Treats and entertains. Wrap a rag around the handle of a shovel near the blade and soak it with kerosene. This keeps the ants from getting to you while you work. Then find two mounds fairly close together. Take a shovel full of mound one and dump it on mound two. Then take a shovel full of mound two and dump it on mound one. You’ve just started a colony war and the two mounds will destroy each other.
about DE . It will last forever, no need to apply more . It is ground up clams from the ocean and will not deplete like a chemical. Making a bait is good. and this is for termites also—- dig a hole, put in whatever the insect likes ( soft wood and newspaper for termites) put in a goodly amount of DE and they will go to that for the bait and get killed.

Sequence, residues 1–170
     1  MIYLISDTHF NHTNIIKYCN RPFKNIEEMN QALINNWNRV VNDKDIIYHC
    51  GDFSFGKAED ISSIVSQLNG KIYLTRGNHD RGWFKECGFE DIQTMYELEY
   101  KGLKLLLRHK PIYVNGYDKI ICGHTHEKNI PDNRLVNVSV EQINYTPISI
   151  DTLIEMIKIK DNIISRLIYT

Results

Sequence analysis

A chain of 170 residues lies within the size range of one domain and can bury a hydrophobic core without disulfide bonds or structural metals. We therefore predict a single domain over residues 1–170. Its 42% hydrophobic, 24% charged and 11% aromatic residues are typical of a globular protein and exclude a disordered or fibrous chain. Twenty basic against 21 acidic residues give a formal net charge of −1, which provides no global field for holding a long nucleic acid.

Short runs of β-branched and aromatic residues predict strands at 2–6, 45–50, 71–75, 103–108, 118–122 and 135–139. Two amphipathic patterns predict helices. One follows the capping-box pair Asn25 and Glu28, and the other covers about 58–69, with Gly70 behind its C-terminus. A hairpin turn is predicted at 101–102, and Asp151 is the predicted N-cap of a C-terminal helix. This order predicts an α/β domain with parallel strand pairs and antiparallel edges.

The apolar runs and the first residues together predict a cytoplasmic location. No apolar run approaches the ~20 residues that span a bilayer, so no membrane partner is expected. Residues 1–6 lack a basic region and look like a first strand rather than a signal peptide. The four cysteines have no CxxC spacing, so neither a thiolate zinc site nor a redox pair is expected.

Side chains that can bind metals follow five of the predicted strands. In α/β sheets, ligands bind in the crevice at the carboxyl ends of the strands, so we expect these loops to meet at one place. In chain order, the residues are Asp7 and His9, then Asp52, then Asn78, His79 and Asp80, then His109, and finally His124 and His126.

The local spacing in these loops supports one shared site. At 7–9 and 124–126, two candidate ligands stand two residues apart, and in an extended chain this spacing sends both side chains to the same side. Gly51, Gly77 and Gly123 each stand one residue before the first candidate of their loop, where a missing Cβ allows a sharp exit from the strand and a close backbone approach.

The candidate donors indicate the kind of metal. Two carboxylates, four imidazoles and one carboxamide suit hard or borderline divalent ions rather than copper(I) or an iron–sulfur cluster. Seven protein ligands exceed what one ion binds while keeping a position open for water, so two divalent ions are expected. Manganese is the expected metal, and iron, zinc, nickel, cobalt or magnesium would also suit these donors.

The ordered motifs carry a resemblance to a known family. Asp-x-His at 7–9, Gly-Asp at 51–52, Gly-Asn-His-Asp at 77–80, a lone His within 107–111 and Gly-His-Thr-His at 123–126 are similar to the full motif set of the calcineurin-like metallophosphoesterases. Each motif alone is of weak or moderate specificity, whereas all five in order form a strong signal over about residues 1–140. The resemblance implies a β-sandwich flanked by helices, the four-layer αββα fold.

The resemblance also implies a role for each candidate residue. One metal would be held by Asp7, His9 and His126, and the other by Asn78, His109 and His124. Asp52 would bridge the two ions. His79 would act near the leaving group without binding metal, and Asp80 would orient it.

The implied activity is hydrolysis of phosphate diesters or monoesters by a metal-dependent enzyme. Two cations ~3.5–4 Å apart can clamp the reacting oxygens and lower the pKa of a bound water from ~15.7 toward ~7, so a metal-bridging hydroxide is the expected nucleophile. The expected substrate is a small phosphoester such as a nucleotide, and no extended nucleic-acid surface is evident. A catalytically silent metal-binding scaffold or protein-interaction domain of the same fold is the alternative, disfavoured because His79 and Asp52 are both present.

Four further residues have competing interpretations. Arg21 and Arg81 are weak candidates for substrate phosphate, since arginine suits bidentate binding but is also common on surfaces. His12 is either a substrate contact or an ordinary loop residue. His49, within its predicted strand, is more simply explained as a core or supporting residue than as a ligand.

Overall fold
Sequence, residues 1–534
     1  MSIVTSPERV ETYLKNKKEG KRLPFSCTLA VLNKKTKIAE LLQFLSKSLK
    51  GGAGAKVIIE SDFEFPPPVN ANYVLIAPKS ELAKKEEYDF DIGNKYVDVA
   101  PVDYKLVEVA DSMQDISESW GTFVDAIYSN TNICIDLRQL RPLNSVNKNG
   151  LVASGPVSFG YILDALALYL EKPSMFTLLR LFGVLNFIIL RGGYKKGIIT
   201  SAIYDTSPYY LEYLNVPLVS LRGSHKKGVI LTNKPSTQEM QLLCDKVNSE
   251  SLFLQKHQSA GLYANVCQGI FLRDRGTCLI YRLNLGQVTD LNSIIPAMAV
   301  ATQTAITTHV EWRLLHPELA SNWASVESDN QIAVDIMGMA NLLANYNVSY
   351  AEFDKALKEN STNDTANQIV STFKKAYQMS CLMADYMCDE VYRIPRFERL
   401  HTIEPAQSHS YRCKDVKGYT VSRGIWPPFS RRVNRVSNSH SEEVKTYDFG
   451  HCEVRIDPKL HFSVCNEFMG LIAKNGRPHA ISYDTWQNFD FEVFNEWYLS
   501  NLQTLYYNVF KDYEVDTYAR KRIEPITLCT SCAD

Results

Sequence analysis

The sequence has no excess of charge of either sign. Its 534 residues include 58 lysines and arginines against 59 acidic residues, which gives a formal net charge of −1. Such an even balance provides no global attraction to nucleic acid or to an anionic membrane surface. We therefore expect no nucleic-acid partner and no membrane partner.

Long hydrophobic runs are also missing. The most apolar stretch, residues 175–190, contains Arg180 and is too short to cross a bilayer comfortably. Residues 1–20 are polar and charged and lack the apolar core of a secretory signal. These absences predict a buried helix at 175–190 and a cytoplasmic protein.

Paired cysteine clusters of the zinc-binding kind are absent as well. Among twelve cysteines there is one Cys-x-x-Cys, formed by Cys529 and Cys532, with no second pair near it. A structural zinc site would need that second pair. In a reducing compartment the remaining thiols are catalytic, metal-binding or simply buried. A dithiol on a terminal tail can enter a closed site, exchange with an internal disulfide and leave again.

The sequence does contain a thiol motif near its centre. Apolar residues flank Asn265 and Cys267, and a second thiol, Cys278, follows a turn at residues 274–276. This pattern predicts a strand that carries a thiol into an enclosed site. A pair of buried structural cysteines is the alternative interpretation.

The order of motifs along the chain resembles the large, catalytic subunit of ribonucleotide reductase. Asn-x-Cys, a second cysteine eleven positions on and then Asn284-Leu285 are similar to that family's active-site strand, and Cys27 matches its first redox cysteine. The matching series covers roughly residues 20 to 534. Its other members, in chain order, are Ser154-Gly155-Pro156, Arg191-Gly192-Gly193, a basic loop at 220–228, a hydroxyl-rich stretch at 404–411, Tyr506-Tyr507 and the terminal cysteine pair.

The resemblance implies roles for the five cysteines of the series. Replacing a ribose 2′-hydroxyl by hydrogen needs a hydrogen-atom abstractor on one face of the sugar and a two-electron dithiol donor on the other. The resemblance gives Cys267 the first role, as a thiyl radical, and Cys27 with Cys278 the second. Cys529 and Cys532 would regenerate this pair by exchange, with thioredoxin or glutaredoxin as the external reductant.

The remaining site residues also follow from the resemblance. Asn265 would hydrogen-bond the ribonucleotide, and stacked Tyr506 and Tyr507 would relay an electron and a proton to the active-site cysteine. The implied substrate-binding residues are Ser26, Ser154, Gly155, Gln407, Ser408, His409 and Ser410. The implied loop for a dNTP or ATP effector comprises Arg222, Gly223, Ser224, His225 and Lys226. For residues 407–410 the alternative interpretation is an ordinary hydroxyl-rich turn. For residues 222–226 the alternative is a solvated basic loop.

I use 2 oz orange oil and 2 oz horticultural molasses in 1 gal of water. Orange oil kills the ants and the molasses enriches the soil. Sometimes it may take a second application if the mound is large. I like the idea of poking a hole in the center of the mound before applying. Will give it a try.
DAWN DISH LIQUID HAS ALWAYS WORKED FOR ME. Mix 2 table spoons or more with 1/2 gal. of water per mound. Stirr up the mound and pour it all over. Once and a while it takes 2 doses. It works real fast and most of the time you can kill the queen even if you don’t see her.
I mix some Borax with jam and put it near the nest, they pick it up, take it to the queen and the rest of the colony and then they all die of. Once they are all dead I collect my container of jam and borax, put a lid on it and re use it for the next pile of antis I discover in the garden. Works great with roaches as well.
Thanks for this useful information. Now that I am growing fruit and vegetables, I try to avoid chemicals in my yard. I am putting a link to this page in my recipe file under “kill ants.” I have been using boiling water to kill stubborn crab grass and agave for some time. It is nice to know it works on ants –that had not occurred to me.